¶4 On December 16, 2014, Appellee filed a petition in the District Court of Stephens County, State of Oklahoma, to register the New York divorce decree in Oklahoma and asked the court to assume custody jurisdiction. Appellee's petition did not reference the registration of the New York Decree in Maine nor the contempt proceedings in Maine. In response, Appellant filed a special appearance in the trial court objecting to the registration of the New York final judgment of divorce and also filed a petition and application for a writ of habeas corpus requesting custody of the minor children. On March 17, 2015, the court found that "pursuant to the Oklahoma Uniform Child Custody Jurisdiction and Enforcement Act, 43 O.S. §§ 551-201 et. seq. the [S]tate of Oklahoma has no jurisdiction in this matter and that this action should be dismissed." Maine retained child custody jurisdiction and ordered the return of the children to Appellant. The Oklahoma court also denied and dismissed the petition to register the New York decree in Oklahoma.

         ¶5 On April 21, 2015, Appellant filed a pro se motion to modify custody in the Maine court, requesting sole custody of the children and granting Appellee supervised visitation. Appellee responded with an answer and counterclaim on May 7, 2015, but then failed to appear before the Maine court. The Maine court then granted Appellant's motion and ruled it had exclusive and continuing jurisdiction over the children. No appeal of the Maine court's decision was entered and the decision is now final under Maine law.

         ¶6 On April 29, 2015, Appellee filed in the Oklahoma court a Motion to Reconsider the March 17, 2015, decision, denying and dismissing Appellee's motion to register the New York judgment in Oklahoma and granting custody of the minor children to Appellant. That motion was heard on April 14, 2016, and the court issued its decision denying the motion and dismissing the petition.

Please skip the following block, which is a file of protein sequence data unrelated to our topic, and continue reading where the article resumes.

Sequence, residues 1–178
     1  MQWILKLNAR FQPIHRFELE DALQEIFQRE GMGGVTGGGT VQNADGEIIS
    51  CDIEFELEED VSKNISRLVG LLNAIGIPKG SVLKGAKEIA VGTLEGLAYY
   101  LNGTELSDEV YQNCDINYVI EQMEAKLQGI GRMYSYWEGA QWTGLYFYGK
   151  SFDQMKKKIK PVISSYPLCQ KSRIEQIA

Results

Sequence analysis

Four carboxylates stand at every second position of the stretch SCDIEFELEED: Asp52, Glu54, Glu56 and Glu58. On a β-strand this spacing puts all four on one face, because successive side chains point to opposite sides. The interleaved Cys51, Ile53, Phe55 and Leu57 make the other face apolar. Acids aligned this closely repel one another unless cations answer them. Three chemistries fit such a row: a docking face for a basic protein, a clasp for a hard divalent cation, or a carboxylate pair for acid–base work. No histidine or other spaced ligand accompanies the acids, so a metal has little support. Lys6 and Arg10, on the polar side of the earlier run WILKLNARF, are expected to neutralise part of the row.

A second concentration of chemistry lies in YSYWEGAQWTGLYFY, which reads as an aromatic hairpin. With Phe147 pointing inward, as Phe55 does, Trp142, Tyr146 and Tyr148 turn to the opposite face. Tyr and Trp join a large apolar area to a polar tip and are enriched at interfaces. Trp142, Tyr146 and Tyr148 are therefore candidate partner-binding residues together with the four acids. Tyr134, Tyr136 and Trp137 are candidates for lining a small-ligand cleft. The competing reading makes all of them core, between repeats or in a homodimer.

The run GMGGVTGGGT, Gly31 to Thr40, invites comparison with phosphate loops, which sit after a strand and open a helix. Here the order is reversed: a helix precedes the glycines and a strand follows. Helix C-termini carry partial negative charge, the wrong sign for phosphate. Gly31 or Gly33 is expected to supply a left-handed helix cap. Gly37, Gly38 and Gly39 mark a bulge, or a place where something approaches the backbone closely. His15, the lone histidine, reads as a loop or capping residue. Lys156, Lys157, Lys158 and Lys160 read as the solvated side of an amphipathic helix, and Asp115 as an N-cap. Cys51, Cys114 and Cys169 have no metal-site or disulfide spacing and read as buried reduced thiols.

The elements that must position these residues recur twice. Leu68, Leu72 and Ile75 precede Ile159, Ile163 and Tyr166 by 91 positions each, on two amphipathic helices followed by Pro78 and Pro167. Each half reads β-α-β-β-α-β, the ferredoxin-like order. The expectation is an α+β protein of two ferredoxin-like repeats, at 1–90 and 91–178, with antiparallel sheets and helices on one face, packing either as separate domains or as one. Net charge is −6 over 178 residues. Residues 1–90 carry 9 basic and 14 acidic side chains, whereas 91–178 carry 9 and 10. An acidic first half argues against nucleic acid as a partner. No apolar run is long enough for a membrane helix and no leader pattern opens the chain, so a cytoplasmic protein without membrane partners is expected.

¶7 Subsequently, Appellant filed a Motion for Costs and Attorney's Fees pursuant to Okla. Stat. tit. 43, § 551-312, a fee-shifting statute within the UCCJEA. That section mandates that a court award to the prevailing party

necessary and reasonable expenses incurred by or on behalf of the party, including costs, communication expenses, attorney's fees, investigative fees, expenses for witnesses, travel expenses, and child care during the course of the proceedings, unless the party from whom fees or expenses are sought establishes that the award would be clearly inappropriate.

         In the motion, counsel sought payment of prevailing party attorney fees and reimbursement of costs for transcripts. The court denied her motion, finding, as a matter of law, that attorney fees can only be awarded under the UCCJEA to a party who has retained counsel and personally paid for their services. That is, Appellant's counsel was not entitled to a reasonable attorney fee merely because Appellant was represented by Legal Aid Services of Oklahoma, Inc. The court further denied Appellant's request for transcription costs reasoning that the issue of costs for transcription of a default modification of divorce decree hearing in Maine should be decided in Maine.

         ¶8 Appellant appealed. On appeal, the Court of Civil Appeals affirmed the district court as to the claim for attorney's fees but reversed and remanded on the issue of transcription costs. In so doing, the court held that "[w]ithout... guidance, either from the Legislature or the Oklahoma Supreme Court, Okla. Stat. tit. 43, § 551-312 (2011) does not statutorily mandate attorney fee awards to prevailing parties when the prevailing party receives free legal services." But, the court further held that because the transcription of the hearing in Maine was vital to the Oklahoma trial court's ...